The UK government has been urged to introduce enforceable measures to drive sugar reduction in food and drink following “disappointing” results from Public Health England’s (PHE) programme.
Andy Burman, CEO of the British Dietetic Association (BDA), said the voluntary approach to manufacturers and retailers reducing sugar in products was “clearly not working”.
The latest report from PHE found the average overall sugar reduction achieved across all food categories since 2015 stood at 3%, despite a target to reduce sugar by 20% by 2020.
Burman said: “This programme needs more teeth, as the voluntary approach is clearly not working on its own.
“We need urgent action on in-store promotions, online and broadcast advertising and sponsorship to reduce families' exposure to high fat, sugar and salt foods.
“Government also needs to put in place a plan for what happens next, how it will have enforceable measures to drive sugar reduction and reformulation across retailers, manufacturers, and out of home.”
The third annual report from PHE found progress had been made by manufacturers and retailers to reduce sugar in categories including breakfast cereals, yogurts and fromage frais, which saw a 13% reduction between 2015 and 2019.
Sugar levels in products such as chocolate and sweets were relatively unchanged, but product sales increased, growing 16% and 7% respectively between 2015 and 2019, the report found.
However, the report highlighted the impact of the soft drinks industry in reducing sugar.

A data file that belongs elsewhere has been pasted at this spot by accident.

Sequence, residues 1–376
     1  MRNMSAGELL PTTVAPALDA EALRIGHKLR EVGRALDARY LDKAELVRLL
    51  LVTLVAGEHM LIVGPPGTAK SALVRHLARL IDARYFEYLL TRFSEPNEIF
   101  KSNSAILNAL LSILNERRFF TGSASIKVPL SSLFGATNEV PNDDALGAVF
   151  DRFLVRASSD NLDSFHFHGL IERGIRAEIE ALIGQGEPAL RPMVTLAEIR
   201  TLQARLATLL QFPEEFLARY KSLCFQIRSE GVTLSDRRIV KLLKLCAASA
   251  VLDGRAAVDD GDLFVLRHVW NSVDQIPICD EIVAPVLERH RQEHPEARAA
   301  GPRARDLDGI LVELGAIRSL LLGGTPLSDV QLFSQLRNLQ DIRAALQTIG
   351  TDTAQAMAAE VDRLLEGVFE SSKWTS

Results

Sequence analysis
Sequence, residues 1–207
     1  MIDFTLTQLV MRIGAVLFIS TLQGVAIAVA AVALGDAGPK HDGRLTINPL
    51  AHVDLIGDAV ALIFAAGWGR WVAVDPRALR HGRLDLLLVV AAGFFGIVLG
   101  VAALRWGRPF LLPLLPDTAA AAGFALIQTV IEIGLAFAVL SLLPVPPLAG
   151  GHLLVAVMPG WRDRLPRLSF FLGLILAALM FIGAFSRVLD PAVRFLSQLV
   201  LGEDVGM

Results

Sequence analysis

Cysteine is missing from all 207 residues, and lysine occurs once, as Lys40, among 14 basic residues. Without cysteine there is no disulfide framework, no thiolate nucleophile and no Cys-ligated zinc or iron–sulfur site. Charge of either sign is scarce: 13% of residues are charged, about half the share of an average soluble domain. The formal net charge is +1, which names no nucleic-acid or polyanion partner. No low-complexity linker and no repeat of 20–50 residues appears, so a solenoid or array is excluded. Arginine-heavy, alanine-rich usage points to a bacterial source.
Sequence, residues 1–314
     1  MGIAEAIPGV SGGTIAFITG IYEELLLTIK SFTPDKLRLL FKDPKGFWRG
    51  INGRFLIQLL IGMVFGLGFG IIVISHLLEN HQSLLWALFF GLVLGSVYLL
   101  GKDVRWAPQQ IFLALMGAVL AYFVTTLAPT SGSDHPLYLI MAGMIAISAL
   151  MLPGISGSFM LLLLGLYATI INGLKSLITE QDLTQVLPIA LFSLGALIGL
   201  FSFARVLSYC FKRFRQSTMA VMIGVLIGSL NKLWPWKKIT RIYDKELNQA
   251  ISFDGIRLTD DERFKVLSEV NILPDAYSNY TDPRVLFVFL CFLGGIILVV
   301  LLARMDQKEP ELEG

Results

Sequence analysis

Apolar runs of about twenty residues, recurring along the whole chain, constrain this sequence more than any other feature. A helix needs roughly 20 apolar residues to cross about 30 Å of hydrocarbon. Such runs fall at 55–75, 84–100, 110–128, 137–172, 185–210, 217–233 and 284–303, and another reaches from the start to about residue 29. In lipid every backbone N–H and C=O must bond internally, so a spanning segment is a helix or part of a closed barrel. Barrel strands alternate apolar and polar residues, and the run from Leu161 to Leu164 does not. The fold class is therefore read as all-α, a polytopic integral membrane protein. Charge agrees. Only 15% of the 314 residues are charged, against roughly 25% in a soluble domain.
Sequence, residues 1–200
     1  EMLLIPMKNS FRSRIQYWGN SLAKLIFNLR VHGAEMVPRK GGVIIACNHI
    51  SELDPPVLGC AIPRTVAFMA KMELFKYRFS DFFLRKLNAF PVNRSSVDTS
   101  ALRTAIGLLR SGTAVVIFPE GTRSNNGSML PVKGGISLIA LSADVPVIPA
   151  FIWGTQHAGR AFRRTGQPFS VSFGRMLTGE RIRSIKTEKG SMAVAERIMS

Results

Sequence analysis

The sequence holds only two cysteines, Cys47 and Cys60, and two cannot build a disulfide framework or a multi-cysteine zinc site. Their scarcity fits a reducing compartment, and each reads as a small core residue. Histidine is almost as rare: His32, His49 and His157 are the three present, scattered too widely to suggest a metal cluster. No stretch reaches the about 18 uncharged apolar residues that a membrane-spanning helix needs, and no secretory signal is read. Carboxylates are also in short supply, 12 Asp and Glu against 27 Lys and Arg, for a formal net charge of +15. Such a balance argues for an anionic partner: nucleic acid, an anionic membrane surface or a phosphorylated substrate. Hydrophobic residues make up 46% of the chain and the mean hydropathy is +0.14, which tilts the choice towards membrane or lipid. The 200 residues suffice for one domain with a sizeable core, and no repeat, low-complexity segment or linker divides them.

Since April 2018, manufacturers have been forced to pay a levy to the government if they fail to reduce excessive calories in fizzy drinks.
For retailers and manufacturer-branded products subject to the levy, there was a 43.7% reduction in the total sugar content per 100ml between 2015 and 2019.
Dr Alison Tedstone, chief nutritionist at PHE, said: “We’ve continued to see some progress in reducing sugar in a number of everyday food and drink products and this shows that success is possible through reformulation.
“Yet, overall progress remains too slow. Faster and more robust action is needed to help us consume less sugar, which will help us become healthier and lower the economic burden of obesity and preventable pressure on the NHS.”
Graham MacGregor, chairman of campaign group Action on Sugar, said: “Apart from the sugary drinks levy, it’s abundantly clear that the government’s voluntary sugar reduction programme is simply not working.
“Food and drink companies that want to do the right thing are crying out for a level playing field, which can only be achieved by setting mandatory targets for calorie and sugar reduction. The soft drinks levy has shown that this approach is both best for business, and best for everyone’s health, including people from more disadvantaged groups.”
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